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Distinctions and Similarities Among Positive Emotions

A study published in 2013 (Belinda Campos et al., “What Is Shared, What Is Different? Core Relational Themes and Expressive Displays of Eight Positive Emotions,” Cognition and Emotion 27, no. 1 (2013): 37-52) sought to determine which aspects of eight positive emotions (amusement, awe, contentment, gratitude, interest, joy, love, and pride).

There were actually two separate studies. The first study asked the undergraduates (for course credit) to describe one of the eight positive emotions

in a short narrative. The students were also given a series of prompt questions. The information was then encoded for content. The goal was to determine what aspects of these various positive emotions remained common among all the eight, and which aspects differed.

They found things such as love and gratitude tended to go together. That positive emotions came more readily when one experienced safety or reward. Contentment was the least distinct.

Those who described awe also correlated this with the feeling of smallness, which was a trait not shared with other positive emotions. Although not part of the study, I imagine that “smallness” is likely associated also with certain negative emotions, because a feeling of vulnerability could lead on to feel unsafe.

A second study sought to correlate facial expressions with positive emotions.  It was already understood that negative emotions presented significant distinct elements. The question for the researchers was whether positive emotions would display unique elements.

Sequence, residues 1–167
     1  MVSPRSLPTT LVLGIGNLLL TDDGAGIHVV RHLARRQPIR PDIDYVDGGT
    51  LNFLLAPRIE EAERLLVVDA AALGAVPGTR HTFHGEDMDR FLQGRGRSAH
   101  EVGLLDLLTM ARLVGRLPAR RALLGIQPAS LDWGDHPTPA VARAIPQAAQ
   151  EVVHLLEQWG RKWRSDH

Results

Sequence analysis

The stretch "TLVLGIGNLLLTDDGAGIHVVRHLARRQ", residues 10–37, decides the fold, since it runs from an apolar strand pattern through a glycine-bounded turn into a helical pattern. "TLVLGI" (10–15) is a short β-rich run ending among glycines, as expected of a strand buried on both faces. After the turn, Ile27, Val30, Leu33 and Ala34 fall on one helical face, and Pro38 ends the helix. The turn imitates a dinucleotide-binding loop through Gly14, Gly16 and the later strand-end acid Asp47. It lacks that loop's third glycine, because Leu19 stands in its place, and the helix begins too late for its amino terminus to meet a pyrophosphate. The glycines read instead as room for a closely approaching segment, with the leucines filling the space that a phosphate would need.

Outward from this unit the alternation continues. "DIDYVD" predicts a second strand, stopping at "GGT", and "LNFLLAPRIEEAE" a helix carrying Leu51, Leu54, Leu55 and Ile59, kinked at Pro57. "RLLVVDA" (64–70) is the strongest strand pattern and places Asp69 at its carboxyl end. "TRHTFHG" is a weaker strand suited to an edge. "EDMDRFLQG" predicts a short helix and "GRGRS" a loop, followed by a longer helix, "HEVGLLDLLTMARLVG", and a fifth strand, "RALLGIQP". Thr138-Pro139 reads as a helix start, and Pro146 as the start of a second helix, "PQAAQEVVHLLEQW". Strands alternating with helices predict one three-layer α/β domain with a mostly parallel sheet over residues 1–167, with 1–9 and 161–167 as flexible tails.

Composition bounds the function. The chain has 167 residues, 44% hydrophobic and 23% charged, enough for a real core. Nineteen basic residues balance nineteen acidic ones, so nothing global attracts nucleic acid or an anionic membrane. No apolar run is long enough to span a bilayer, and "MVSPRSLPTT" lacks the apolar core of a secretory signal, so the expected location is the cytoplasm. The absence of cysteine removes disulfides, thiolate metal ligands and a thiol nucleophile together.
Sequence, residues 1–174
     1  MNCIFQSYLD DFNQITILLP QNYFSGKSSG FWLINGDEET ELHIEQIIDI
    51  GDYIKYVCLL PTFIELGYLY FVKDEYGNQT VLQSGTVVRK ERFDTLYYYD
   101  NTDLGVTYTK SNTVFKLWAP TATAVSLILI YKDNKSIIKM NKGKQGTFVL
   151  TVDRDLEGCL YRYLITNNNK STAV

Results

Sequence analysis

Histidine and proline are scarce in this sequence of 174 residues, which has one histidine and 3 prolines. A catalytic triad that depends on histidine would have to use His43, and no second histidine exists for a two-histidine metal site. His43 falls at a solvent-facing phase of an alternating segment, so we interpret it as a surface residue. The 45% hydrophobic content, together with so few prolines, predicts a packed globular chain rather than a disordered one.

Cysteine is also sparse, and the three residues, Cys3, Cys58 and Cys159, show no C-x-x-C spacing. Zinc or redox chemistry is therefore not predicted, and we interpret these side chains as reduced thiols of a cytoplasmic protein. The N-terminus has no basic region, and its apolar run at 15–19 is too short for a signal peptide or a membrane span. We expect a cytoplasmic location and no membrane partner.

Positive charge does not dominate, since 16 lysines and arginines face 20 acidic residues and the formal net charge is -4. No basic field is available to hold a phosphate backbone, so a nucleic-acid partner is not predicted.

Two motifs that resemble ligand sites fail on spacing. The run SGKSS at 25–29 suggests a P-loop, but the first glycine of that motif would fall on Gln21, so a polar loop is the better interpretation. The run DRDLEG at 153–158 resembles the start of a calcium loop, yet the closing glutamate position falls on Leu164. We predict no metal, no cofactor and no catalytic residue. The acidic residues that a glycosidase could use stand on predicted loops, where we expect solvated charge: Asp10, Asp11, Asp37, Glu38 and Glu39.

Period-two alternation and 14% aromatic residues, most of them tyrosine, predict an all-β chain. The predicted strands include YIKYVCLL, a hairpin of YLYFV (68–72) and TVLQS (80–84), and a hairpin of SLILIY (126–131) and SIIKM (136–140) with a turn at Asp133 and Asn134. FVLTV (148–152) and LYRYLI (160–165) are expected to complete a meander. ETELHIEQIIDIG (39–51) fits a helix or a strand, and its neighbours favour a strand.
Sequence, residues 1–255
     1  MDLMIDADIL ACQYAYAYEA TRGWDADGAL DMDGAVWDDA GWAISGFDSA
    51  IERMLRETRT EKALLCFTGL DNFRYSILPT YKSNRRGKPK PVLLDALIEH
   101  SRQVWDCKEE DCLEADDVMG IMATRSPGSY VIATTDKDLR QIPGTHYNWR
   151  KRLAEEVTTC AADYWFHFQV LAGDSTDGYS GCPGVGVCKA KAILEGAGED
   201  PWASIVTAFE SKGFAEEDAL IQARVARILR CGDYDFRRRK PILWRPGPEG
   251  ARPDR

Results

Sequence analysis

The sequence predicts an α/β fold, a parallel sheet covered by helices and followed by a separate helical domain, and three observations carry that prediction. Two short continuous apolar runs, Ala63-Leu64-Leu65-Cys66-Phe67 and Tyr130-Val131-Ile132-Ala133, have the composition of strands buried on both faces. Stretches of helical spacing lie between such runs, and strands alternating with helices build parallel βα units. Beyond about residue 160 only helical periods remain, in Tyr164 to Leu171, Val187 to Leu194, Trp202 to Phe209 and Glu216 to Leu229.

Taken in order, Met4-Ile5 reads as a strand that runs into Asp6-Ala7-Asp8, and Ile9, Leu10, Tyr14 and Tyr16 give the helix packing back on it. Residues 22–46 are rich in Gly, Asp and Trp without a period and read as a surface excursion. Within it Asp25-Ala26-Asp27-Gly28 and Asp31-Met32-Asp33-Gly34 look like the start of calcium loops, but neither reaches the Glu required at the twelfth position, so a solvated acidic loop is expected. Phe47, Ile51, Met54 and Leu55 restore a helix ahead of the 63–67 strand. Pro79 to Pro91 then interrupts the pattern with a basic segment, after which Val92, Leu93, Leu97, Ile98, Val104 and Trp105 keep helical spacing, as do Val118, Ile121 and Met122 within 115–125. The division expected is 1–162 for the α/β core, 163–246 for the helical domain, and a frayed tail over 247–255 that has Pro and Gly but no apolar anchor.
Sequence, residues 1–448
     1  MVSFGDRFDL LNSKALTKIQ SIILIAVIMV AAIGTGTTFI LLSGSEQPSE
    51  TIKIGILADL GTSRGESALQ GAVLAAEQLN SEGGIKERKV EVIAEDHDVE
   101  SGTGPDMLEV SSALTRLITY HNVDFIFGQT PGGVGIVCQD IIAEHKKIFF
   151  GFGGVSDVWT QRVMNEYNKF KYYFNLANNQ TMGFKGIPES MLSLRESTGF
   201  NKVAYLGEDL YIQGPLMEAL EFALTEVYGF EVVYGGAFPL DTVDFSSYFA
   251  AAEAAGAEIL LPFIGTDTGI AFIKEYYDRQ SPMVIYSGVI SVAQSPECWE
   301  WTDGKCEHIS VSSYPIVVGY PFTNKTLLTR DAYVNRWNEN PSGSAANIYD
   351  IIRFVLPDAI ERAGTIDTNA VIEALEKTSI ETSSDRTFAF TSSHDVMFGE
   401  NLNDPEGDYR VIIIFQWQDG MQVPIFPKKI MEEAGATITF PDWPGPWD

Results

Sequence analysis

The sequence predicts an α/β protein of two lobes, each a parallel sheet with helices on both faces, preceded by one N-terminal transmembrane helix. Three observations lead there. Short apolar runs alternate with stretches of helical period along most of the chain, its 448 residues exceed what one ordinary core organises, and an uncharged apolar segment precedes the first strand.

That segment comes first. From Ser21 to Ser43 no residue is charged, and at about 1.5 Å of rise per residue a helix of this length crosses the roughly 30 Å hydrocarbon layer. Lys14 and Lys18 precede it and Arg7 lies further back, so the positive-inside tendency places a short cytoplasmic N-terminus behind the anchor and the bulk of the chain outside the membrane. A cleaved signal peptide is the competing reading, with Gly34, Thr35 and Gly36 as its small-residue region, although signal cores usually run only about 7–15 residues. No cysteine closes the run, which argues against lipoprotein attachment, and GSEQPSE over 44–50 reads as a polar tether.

I especially appreciated the quite formal description of a smile:

The Duchenne smile, which involves the simultaneous lifting of the lip corners and contractions of the orbicularis oculi muscles around the eyes, is regarded as the key marker of ‘happiness,’ the global term for displayed positive emotions.

While I appreciate the need for exactitude when discussing a subject, I did have to smile in response to this description of smiling while happy.

What was discovered was that most positive emotions were coupled with common facial displays, except for gratitude.

In the end, positive emotions are not an undifferentiated blog, but rather there are distinct elements of the emotions. Some emotions have a relationship to other positive emotions; some do not. Emotions – at least among the undergraduates studied – tend to show distinct physical expression.

The study leaves one the extent to which these findings apply to anyone beyond undergraduates at American universities.